C. Social Justice Committee

Students met weekly to discuss issues of social justice and our community response thereto. Average attendance: 5.

D. Social Advocacy Training

The UM Committee on Social Justice put together a two-hour program and workshop on how to be a better advocate for social justice.  Co-sponsored by the Community Action and Social Justice Coalition. (8).

E.    Service Projects and Events

  • In October 2010, students put together a panel to discuss the gender gap and how it applies in the church.  The conversation featured AU program director Mindy Hirsch, pastoral intern Meghan Roth, and Rev. Vivian McCarthy of the Baltimore-Washington Conference. (11)
  • In November 2010, students cosponsored a discussion with the Roosevelt Center on the Paycheck Fairness Act, featuring two noted scholars. (41)
  • November 2010, students placed our memorial vigil to the fallen soldiers of the Iraq and Afghanistan wars on the quad. (12)
  • In November 2010, students screened the film “Incompatible with Christian Teaching” about the current position of the UMC. (10)
  • In January 2011, the community helped to support the God Loves Poetry response to the Westboro Baptist Church’s planned protest of AU through the making of “blackout” poetry. (23)
  • In March 2011, students participated in a Fair Trade Ice Cream Social, co-sponsored by the AU Fair Trade Association. (8 UM, 20 Total)
  • In April 2011, students formed a team and participated in the Relay for Life to raise money for cancer research. (7)
  • In April 2011, students participated in the reading of names of victims of the Holocaust organized by the Jewish Student Association. (6)

F. Alternative Spring Break

In 2011, for our seventh time, we took a group of 11 to Cherokee, North Carolina for a week of service, reflection, and learning.  As before, we were guests of the Cherokee United Methodist Church.

G. Participation with other Groups (Points of Contact)

  • The UMSA participated in a number of events with other groups, including AU Hillel, The Roosevelt Institute, Students Against Cancer, Queers and Allies, the Fair Trade Association, the GLBTA Resource Center, and a number of social justice groups on campus.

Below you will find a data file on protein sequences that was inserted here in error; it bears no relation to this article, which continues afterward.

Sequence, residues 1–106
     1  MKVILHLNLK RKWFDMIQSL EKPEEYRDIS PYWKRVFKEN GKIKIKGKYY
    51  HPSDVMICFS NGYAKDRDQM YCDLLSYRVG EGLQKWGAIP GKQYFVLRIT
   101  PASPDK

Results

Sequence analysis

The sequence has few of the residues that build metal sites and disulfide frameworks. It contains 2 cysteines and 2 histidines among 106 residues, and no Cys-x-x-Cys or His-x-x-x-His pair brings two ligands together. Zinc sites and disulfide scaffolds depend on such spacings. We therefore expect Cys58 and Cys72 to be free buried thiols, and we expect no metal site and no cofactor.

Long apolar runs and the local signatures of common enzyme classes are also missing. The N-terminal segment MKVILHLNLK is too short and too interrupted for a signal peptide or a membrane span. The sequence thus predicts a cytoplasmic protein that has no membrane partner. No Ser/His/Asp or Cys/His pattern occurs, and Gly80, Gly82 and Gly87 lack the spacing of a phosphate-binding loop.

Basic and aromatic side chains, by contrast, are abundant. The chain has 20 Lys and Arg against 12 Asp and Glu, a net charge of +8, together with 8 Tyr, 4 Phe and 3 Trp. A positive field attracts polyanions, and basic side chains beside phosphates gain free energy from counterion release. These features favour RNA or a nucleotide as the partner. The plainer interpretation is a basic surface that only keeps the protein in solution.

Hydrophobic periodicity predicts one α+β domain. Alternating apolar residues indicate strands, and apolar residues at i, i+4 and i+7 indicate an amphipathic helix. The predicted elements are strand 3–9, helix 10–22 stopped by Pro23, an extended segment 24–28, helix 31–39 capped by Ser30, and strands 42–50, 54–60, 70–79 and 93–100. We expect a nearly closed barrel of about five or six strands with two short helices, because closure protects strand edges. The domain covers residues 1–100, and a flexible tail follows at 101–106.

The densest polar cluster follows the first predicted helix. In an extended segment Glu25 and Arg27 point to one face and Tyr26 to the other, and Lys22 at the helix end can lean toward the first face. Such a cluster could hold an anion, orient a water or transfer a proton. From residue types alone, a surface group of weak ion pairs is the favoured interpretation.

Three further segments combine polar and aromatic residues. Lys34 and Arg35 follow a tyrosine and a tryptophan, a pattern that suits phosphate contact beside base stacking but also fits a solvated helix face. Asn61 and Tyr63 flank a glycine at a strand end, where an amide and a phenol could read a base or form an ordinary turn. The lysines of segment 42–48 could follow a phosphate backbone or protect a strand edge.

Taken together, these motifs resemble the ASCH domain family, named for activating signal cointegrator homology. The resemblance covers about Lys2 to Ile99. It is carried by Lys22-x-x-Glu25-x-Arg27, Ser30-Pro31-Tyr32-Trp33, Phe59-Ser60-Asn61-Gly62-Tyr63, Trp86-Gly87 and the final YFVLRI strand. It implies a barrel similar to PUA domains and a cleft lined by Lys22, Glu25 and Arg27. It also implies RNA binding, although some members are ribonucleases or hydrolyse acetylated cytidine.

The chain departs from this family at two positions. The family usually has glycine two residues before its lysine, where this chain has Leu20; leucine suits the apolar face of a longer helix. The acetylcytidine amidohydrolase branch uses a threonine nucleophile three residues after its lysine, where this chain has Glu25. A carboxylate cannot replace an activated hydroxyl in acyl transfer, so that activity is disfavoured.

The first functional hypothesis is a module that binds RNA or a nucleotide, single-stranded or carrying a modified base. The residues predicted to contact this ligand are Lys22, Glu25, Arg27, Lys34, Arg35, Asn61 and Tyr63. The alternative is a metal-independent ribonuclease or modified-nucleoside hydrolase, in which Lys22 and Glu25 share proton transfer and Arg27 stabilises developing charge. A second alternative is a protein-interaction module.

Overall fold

• Most notably, the United Methodist Community was a major presence during the University’s counter demonstration to the visit to campus by Westboro Baptist Church in January 2011. The United Methodist community was an early sponsor of the counter-demonstration, promoted the God Loves Poetry event, and distributed hundreds of cups of free hot chocolate to the students, faculty, and staff in attendance as a sign of God’s inclusive love.


The campus ministry community is committed to making its presence on the university campus known and making its mission clear to all.  In the past year, we adopted a revised mission statement: “Love God. Serve Others. Welcome All.” This mission statements summarizes well the key focuses of the community: faithful commitment to God, service and justice toward others, and a community of radical hospitality for everyone.  Understanding our mission guides the ways in which the community seeks to be known and seeks to have the gospel message known on the AU campus.

A. Website

The Chaplaincy has a website that it maintains at http://www.aumethodists.org.  The site contains information about the ministry, upcoming worship times, the weekly lectionary readings, and copies of past sermons.  Sermons are posted on our website at http://www.aumethodists.org/worship/sermons. This year the website was redone to allow student participation in contributing material and greater connectivity with social media. Students can also use the website to update their directory information, sign up for the Weekly E-pistle, indicate interest in various leadership positions, and participate in community polls. We have made arrangements through the General Council on Finance and Administration approved Vanco Services to receive online donations through the website.